Polar bear auctions and declining elephant numbers: the trophy hunting industry’s latest scandals

A polar bear and two African elephants
Support us and go ad-free

The trophy hunting lobby group Safari Club International (SCI) attracted media attention in January. This was for auctioning off killing trips for a polar bear and numerous other wild animals at its Las Vegas convention. The coverage was based on a report by the Campaign to Ban Trophy Hunting. It noted that some of the funds raised from the sales will go towards fighting an impending UK ban on the import of body parts from slain wild animals.

A government consultation in recent years overwhelmingly confirmed support among the public for a comprehensive ban on imports. It’s hard to imagine that SCI’s bloody auction will help the industry’s efforts to win over the UK public’s minds. In fact, the optics are terrible. But the industry started the year reeling from another blow dealt by an investigative report focused on elephants.

Read on...

Support us and go ad-free
Undercover investigation

As The Canary has extensively reported, proponents of trophy hunting argue that it’s a ‘conservation tool’. These proponents include a number of conservationists. But there’s little consensus on trophy hunting’s conservation value among the sector as a whole.

Proponents argue that the practice protects species by providing an income to communities which co-exist with them. It supposedly incentivises people to preserve wild animals and the wild spaces in which they live. However, an investigative report released towards the end of 2021 challenges this claim.

Its findings are based on a two-month-long undercover investigation in Namibia. This country is arguably the poster child for so-called ‘sustainable use‘. This approach to conservation promotes people’s use of wildlife in a continual but theoretically sustainable way. It includes practices like trophy hunting, trading wild species and wildlife tourism.

The elephant in the dogma

Journalists Adam Cruise and Izzy Sasada undertook the investigation. Its purpose was to explore the effectiveness of Namibia’s Community-Based Natural Resource Management (CBNRM) model – particularly in relation to African elephants.

In the CBNRM model, communities manage nature within their designated areas, known as conservancies. This community management is “guided by policy directives of the government” and involves the use of nature to provide benefits for people. Trophy killing, wildlife tourism, and trading in wildlife all feature in the model.

The investigation focused on elephants due to their centrality, both in “an ecological sense” and in relation to the CBNRM model. Elephants are a keystone species, which means they’re a species that’s pivotal to the health and stability of an ecosystem. They’re of high-value within the Namibian system, both in terms of their draw as a tourist attraction and what others will pay to kill them. Elephants can also create problems – for instance by raiding crops – which can make them costly to co-exist with.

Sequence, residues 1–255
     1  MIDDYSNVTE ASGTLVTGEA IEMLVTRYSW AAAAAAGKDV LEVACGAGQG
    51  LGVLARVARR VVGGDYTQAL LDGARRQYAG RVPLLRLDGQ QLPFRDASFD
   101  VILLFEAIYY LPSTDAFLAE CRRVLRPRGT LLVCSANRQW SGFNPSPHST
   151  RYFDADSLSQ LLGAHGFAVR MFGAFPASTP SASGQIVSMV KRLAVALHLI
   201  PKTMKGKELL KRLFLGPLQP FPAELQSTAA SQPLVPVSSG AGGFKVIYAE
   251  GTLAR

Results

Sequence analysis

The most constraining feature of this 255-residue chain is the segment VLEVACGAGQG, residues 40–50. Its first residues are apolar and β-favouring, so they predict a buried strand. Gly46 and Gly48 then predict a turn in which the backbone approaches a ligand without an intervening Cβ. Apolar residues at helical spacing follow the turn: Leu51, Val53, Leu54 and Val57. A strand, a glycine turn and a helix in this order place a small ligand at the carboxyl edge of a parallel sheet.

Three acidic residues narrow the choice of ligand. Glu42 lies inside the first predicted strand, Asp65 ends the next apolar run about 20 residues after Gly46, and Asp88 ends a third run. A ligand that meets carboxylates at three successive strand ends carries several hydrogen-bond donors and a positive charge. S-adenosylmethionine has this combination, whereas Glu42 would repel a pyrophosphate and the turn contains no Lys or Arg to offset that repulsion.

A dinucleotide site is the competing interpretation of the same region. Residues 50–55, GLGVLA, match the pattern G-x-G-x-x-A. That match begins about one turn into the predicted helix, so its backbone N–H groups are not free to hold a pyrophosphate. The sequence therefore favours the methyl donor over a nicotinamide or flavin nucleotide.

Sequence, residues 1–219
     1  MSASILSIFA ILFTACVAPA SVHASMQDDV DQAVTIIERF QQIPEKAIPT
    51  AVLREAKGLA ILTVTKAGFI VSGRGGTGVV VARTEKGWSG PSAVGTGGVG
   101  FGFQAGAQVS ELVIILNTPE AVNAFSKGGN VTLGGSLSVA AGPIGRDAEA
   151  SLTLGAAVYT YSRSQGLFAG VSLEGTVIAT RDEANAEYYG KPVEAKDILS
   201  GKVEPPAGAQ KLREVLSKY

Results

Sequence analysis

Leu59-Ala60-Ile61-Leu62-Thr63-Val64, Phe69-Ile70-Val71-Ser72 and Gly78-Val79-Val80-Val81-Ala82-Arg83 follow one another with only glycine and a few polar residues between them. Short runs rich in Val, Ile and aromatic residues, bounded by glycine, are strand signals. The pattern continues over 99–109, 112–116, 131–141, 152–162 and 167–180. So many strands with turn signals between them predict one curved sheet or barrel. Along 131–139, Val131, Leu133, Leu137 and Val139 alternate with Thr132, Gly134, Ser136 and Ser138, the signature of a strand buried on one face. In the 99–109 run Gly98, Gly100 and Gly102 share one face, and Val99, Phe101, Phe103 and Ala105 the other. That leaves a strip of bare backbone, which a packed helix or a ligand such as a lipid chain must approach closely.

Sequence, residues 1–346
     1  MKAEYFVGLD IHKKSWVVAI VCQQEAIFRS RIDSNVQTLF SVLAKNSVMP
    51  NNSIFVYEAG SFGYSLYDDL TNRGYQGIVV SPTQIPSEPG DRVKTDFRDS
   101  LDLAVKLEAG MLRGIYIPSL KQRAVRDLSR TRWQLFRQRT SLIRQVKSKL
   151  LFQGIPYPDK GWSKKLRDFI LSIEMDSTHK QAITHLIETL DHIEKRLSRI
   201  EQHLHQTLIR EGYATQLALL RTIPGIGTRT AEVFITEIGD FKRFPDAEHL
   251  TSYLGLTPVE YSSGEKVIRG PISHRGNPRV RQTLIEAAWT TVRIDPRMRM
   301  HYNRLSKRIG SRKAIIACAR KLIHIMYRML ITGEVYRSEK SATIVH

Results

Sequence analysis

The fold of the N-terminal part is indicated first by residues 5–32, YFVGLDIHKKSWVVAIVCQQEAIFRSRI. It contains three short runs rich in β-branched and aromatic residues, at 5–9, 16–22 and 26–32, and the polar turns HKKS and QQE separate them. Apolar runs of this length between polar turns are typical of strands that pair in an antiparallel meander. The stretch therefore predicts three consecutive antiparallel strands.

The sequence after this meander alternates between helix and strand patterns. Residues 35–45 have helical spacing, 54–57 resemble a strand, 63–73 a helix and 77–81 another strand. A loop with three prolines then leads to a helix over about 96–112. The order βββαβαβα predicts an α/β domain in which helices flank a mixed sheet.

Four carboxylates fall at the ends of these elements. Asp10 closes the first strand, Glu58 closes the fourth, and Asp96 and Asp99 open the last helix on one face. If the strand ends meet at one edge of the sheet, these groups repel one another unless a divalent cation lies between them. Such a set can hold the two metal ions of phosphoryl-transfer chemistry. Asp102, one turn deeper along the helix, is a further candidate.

“A fabrication rather than a fact”

Cruise and Sasada spoke with multiple stakeholders in 29 out of the 86 conservancies within the CBNRM system. This included community members, hunting operators, and conservancy officials. They also crunched the numbers in terms of wildlife statistics and conservancy income. Based on all these sources and their on-the-ground experience, the report concluded that:

the perceived success of wildlife conservation and concomitant economic benefits for previously disadvantaged rural communities in Namibia is found to be predominantly a fabrication rather than a fact

The report asserted that the majority of people in conservancy communities within the three regions the investigators visited – Kunene, Otjozondjupa, and Zambezi – remain “as impoverished as ever, in many cases, more so”. It also cited the exploitation of minority groups as an issue, both by other ethnic groups and the government. San communities, for example, complained of unimpeded encroachment on their lands by other groups. They said this inhibits their ability to hunt for food or grow and harvest their own crops or wild-grown vegetation. The San are indigenous peoples of southern Africa. 

In a conversation following the report’s publication, Cruise told The Canary that the conservancies are predominantly situated in areas where marginalised or minority groups reside. He also asserted that among marginalised people, women are faring worst and “really taking the brunt of this mess”.

Overall, the report presented a picture of a system that generally works for the few, but not the many. Propped up by international funding, the system maintains itself, looks after conservancy officials and staff like wildlife guards, and takes care of the core organisations engaged in advising and assisting conservancies. In terms of providing meaningful income and support to the wider conservancy members, however, the report suggests that the system is lacking.

Wildlife decline